U.S. Shoots Down Chinese Spy Balloon Off the Coast of the Carolinas

WASHINGTON — The United States shot down a Chinese spy balloon on Saturday that had spent the last week traversing the country, American officials said, an explosive end to a drama that put a diplomatic crisis between the world’s two great powers onto television screens in real time.

The balloon, which spent five days traveling in a diagonal southeast route from Idaho to the Carolinas, had moved off the coast by midday Saturday and was over the Atlantic Ocean. The Federal Aviation Administration had paused departures and arrivals at airports in Wilmington, N.C., and in Myrtle Beach and Charleston in South Carolina, which the agency said was meant to “support the Department of Defense in a national security effort.”

President Biden had hinted at the move earlier on Saturday. “We’re going to take care of it,” Mr. Biden told reporters in Syracuse, N.Y., where he was visiting family members after the death of his brother-in-law.

The president had been discussing military options with the Pentagon since Tuesday, when he was alerted by the Pentagon that a spy balloon had entered the continental American airspace near Idaho. By Wednesday, the balloon was hovering over Montana, and a full-blown diplomatic crisis was underway.

Military leaders advised then against shooting down the balloon, whose belly structure was roughly the size of three buses, because of the possibility of harm to civilians and infrastructure while it was over land. But the arrival — and extended stay — of the balloon over American territory prompted furious calls from senior U.S. officials to their Chinese counterparts, and the cancellation of Secretary of State Antony J. Blinken’s planned visit to China.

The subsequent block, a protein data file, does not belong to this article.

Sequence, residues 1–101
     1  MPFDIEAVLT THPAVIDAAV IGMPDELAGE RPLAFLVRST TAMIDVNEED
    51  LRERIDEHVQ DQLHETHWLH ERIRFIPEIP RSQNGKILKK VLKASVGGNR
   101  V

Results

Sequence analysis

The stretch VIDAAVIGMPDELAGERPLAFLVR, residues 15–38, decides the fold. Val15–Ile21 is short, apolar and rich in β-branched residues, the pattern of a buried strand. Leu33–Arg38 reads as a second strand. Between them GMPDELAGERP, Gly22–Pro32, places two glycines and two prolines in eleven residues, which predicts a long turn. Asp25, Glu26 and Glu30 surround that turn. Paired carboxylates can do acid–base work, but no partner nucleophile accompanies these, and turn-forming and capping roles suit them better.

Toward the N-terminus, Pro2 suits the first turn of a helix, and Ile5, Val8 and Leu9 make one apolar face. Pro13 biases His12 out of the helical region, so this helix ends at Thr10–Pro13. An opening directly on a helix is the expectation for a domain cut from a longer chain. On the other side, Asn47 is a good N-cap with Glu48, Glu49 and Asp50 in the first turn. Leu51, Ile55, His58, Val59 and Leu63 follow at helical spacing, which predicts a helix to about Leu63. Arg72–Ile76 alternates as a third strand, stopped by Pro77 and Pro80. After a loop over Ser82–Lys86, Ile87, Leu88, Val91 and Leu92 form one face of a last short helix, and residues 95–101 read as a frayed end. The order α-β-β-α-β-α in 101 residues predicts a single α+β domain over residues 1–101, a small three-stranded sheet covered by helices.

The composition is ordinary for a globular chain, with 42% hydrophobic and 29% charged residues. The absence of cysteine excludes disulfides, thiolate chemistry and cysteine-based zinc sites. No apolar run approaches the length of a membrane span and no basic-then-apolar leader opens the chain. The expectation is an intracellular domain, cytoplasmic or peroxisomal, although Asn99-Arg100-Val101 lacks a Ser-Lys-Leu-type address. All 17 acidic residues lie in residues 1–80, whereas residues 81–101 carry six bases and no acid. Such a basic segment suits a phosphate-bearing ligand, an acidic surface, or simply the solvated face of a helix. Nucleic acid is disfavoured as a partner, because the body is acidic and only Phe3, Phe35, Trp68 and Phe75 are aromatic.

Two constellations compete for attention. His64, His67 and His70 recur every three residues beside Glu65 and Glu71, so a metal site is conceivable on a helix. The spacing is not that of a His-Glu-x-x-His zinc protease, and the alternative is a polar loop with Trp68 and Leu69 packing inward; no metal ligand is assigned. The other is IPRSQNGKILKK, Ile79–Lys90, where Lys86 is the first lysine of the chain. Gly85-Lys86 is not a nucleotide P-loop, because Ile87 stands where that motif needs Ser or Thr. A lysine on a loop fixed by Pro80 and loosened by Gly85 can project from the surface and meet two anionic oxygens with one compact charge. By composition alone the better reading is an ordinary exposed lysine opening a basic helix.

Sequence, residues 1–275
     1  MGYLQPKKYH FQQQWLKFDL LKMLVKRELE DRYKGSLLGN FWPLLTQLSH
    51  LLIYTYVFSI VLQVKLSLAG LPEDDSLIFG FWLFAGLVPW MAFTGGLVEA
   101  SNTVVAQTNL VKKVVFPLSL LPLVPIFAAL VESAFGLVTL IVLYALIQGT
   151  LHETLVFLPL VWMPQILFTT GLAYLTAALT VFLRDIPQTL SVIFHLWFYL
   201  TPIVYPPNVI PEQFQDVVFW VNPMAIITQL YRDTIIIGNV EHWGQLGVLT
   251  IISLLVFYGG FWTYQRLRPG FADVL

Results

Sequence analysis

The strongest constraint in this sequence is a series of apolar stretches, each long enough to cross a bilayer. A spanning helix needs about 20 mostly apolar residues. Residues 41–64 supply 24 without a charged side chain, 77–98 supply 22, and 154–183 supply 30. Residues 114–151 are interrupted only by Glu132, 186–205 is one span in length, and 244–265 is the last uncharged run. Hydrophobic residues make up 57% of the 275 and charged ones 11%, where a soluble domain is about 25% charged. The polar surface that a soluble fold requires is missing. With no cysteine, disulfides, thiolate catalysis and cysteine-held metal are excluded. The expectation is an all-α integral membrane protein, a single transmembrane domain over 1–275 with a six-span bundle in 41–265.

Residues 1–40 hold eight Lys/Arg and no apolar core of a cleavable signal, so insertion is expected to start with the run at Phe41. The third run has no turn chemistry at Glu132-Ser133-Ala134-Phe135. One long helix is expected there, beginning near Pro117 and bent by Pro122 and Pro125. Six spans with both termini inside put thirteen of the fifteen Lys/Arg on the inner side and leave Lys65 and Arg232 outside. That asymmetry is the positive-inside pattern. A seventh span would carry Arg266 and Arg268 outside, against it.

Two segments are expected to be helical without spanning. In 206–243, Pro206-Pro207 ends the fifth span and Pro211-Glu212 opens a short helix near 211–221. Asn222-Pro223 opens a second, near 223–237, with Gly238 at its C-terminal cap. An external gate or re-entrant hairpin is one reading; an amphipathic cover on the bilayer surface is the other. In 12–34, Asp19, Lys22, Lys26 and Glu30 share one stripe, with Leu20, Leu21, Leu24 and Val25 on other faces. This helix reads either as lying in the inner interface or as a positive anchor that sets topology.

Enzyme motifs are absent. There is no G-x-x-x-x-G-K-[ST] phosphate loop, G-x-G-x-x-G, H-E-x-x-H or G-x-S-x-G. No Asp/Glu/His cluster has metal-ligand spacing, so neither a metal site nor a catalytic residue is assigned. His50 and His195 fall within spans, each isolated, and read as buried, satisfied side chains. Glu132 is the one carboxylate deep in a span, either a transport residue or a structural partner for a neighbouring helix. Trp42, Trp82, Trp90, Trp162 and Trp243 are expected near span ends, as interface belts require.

That trip would have been the first by a Biden Cabinet secretary to China.

The Chinese Foreign Ministry has said the balloon was a civilian machine that had entered U.S. airspace by accident, and maintained that it was a weather balloon that strayed far — very far — off course. But Mr. Blinken said the incident was a “clear violation of U.S. sovereignty and international law.”

U.S. officials conveyed to Chinese officials several times in recent days that the U.S. military might shoot down the spy balloon. Mr. Blinken told a Chinese diplomat in Washington on Wednesday evening that the American government had the right to take any actions to protect its interests, and he said the same thing on a phone call on Friday with Wang Yi, the top Chinese foreign policy official, a senior administration official said.

The Chinese spy balloon began its controlled drift into American territory on Jan. 28 when it entered Alaskan airspace near the Aleutian Islands for what at first appeared to trackers at United States Northern Command to be just another one of China’s light probes around the edges of America’s defensive borders.

It had happened before. Defense officials said that China has spy balloons orbiting around the world at 60,000 feet at any given time, and the balloons occasionally stray into American territory. Spy balloons from China and other adversaries are sometimes categorized by the Pentagon as unidentified aerial phenomena, the same category as U.F.O.s, the defense officials said.

But this balloon stayed. Although it exited American territory on Monday, officials said, carrying its solar panels for propulsion and its cameras and surveillance equipment, the next day it was back. It entered the continental United States over Idaho, to the surprise of officials at Northern Command as well as at the Pentagon.

Gen. Mark A. Milley, the chairman of the Joint Chiefs of Staff, alerted Mr. Biden. The president asked for military options.

By Wednesday, the balloon had made its way to the skies above Billings, Mont., which alarmed Pentagon officials because the state is home to the 341st Missile Wing at Malmstrom Air Force Base, one of three U.S. Air Force bases that operate and maintain intercontinental ballistic missiles. One Pentagon official described shock at what officials viewed as a blatant, and poorly concealed effort, at spying. A White House official called the move “audacious.”

Secretary of Defense Lloyd J. Austin III called a meeting on Wednesday of senior military and defense officials to review options, per Mr. Biden’s order. General Milley and Mr. Austin advised against shooting down the balloon while it was over land.

Zolan Kanno-Youngs contributed reporting from Syracuse, N.Y.

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